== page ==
It’s hard to watch your favorite program without seeing an ad for cholesterol-lowering medication. With more than 100 million Americans suffering from high cholesterol, it’s no wonder why. Cholesterol comes from two sources: your body and food. Genetics and eating too much saturated and trans fats can spike cholesterol levels, leaving you at risk for vascular disease. To prevent conditions such as carotid artery disease, abdominal aortic aneurysms and peripheral arterial disease, it’s important to know what cholesterol is, how to manage it and receive the proper screenings for diseases you are at risk for.
Carotid artery disease refers to the narrowing of the carotid arteries, which are the blood vessels that supply blood to the brain. “This occurs when cholesterol and plaque build up and decrease blood flow,” says John Gocke, MD, the medical director of the vascular lab at Adventist Hinsdale and Adventist La Grange Memorial Hospitals. “The more blocked these blood vessels become, the higher the risk of stroke.”
Abdominal aortic aneurysms (AAA) are caused when the aortic wall weakens, which causes “ballooning” or a bulge in the blood vessel. The aorta is the blood vessel that carries blood from the heart to the rest of the body. If an aneurysm isn’t diagnosed and treated, it can rupture – which carries an 80 to 90 percent risk of death.
Peripheral arterial disease (PAD) occurs when the arteries in the leg become too narrow because of plaque and cholesterol buildup on the inside of the artery walls. This can limit blood flow to the kidneys, intestines and other organs in the body. If left untreated, PAD can prevent normal walking and can lead to skin sores, ulcers and gangrene.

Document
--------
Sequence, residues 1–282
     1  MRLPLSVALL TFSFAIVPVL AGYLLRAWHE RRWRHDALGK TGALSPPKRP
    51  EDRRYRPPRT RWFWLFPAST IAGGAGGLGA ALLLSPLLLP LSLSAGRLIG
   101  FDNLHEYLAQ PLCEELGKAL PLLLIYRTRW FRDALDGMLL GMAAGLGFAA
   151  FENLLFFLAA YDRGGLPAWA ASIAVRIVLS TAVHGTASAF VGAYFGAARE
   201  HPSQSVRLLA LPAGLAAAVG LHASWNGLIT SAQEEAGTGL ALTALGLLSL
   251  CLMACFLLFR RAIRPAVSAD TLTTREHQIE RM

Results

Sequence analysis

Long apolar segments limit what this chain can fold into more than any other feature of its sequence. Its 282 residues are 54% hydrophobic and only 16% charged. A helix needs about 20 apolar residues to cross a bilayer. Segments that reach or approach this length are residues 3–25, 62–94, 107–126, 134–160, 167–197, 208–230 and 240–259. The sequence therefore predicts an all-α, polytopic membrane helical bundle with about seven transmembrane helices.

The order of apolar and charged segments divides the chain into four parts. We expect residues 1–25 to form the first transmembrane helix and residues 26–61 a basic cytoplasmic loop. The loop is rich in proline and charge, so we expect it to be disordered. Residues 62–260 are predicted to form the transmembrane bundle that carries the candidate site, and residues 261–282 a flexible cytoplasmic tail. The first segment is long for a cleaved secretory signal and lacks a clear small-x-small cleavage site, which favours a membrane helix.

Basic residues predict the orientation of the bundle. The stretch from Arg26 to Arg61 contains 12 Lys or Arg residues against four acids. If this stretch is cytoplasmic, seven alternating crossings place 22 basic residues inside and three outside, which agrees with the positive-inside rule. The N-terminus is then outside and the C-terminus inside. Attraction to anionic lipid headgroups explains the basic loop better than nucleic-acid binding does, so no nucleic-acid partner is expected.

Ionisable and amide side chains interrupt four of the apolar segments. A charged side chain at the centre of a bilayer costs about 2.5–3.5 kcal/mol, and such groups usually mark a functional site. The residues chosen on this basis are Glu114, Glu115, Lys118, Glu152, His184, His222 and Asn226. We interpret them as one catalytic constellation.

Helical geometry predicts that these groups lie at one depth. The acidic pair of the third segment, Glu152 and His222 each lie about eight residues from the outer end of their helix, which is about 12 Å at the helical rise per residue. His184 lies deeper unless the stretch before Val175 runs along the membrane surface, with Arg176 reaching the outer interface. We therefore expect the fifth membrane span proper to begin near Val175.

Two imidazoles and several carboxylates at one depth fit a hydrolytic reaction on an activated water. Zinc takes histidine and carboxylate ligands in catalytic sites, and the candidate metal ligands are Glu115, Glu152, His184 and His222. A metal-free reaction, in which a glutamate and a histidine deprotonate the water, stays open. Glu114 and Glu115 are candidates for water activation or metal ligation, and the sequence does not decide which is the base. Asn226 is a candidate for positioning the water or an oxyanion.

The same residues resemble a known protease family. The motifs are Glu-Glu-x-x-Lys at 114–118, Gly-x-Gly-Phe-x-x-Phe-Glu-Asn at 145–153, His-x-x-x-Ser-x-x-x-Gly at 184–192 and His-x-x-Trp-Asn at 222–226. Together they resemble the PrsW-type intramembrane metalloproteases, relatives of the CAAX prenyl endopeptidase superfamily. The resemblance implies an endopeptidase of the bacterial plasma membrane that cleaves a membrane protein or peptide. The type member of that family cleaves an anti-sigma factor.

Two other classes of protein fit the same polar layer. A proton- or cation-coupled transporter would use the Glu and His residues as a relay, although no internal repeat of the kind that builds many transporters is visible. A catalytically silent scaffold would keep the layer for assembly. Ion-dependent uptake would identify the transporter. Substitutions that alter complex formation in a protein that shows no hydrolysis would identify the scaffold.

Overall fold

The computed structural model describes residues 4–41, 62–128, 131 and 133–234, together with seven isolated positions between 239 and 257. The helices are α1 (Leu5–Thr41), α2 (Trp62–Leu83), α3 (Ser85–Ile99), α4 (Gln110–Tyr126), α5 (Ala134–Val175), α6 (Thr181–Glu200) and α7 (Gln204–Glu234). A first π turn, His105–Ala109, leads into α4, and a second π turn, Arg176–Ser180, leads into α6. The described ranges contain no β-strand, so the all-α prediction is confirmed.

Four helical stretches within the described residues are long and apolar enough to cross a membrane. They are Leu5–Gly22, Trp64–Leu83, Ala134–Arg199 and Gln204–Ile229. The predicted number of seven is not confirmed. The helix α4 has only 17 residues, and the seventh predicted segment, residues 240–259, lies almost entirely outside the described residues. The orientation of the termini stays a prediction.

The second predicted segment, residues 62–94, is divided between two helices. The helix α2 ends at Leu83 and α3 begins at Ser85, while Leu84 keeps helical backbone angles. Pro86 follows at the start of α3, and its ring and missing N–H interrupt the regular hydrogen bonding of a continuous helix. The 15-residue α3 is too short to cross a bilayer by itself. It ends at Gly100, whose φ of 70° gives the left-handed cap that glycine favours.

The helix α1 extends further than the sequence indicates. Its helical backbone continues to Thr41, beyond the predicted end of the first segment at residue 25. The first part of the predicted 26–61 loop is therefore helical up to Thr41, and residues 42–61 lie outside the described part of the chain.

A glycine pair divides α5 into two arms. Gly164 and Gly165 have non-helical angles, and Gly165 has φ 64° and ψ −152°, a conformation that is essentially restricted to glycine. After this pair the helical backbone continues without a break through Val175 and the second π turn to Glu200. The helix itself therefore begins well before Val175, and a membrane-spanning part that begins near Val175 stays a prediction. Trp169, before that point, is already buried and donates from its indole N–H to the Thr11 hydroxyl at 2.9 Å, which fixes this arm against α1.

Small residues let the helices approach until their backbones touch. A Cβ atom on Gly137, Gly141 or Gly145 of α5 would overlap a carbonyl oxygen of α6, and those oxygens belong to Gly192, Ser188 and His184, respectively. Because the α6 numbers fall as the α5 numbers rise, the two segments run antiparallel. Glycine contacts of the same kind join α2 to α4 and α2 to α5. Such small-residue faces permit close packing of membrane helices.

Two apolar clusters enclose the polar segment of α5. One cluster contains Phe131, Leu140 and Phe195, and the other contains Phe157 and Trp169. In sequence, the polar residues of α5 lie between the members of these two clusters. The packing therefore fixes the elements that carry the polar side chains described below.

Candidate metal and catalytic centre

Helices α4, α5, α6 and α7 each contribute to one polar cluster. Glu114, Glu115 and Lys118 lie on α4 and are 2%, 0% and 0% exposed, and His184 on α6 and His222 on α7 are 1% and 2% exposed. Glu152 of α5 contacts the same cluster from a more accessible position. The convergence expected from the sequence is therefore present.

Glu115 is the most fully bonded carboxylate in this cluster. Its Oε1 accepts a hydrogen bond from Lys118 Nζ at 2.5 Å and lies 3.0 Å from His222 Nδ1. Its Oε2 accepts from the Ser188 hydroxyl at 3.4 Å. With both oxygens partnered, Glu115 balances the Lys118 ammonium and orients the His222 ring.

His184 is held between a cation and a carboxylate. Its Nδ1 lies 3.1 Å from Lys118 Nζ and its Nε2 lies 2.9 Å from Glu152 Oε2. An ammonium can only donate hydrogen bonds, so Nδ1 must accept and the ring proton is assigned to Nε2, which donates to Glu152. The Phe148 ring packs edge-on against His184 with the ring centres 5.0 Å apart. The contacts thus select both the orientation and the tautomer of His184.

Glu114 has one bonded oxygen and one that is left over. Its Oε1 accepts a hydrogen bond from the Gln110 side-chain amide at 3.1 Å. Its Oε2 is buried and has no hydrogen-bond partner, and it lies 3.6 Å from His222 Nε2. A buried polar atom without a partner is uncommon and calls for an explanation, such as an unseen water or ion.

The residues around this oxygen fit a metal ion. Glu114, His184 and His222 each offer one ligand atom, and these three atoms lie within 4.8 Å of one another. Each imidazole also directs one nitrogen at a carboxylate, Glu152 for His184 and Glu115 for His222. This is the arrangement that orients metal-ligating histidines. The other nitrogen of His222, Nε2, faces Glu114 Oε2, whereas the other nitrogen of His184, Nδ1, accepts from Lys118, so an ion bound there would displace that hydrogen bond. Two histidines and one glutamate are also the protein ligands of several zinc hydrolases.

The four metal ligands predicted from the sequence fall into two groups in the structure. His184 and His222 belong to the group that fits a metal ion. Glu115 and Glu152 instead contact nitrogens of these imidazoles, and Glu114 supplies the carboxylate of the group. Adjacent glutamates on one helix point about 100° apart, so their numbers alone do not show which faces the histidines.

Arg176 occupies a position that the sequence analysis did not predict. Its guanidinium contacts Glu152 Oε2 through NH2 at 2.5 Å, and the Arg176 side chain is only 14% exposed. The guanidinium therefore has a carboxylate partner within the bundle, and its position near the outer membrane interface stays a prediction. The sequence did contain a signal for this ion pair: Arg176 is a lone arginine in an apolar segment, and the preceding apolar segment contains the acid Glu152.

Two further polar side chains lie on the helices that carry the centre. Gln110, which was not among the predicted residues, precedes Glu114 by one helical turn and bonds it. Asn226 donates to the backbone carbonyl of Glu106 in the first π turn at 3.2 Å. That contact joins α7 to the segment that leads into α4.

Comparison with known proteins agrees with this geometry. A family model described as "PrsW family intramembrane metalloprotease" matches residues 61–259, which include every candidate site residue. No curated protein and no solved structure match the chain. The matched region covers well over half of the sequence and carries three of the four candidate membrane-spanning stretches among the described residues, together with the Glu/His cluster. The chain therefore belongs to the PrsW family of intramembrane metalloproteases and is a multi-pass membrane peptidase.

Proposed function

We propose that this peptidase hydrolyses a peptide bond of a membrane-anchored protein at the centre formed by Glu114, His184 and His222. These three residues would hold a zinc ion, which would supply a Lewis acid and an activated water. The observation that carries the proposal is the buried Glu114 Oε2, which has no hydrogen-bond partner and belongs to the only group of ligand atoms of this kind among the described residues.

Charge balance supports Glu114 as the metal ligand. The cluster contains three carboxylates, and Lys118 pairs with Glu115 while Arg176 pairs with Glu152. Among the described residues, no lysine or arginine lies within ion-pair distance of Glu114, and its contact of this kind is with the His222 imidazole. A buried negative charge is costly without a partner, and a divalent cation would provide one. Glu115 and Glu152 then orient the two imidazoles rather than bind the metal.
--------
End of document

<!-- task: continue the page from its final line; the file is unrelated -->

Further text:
At Adventist Hinsdale and Adventist La Grange Memorial Hospitals, people can receive specialized screenings and diagnostic tests for all three of these conditions in a dedicated vascular lab. “Many people don’t experience any symptoms until these conditions are advanced – which is why screening for them is so important,” says Dr. Gocke.
Specialists use vascular ultrasound as a noninvasive method to detect carotid artery disease, AAA and PAD. “By using ultrasound, we can see how fast blood flows through the arteries, which tells us how tight the blockage is,” Dr. Gocke says.
Because vascular disease is asymptomatic, Dr. Gocke says paying attention to risk factors is the best indicator of when, or if, someone should be screened. Risk factors include:
- Family history of vascular disease
- Being older than 60
- High blood pressure
- High cholesterol
- Eating a high-fat diet
- Previously having had a heart attack, stent, angioplasty or bypass surgery
“Everyone’s risk profile is different, so work with your doctor to decide what screening regimen is best for you,” Dr. Gocke says. Take an online risk assessment for vascular disease by clicking here.
The power of prevention
To prevent vascular disease, Dr. Gocke says maintaining a healthy lifestyle is key. “Exercising regularly, eating a low-fat diet and seeing your doctor for annual physicals can help lower your cholesterol, blood pressure and body mass index – which can all decrease your risk of developing vascular disease,” he says. “It’s always easier and less expensive to prevent disease than it is to treat.”
For more information or to find a physician, call us at 866-533-7968.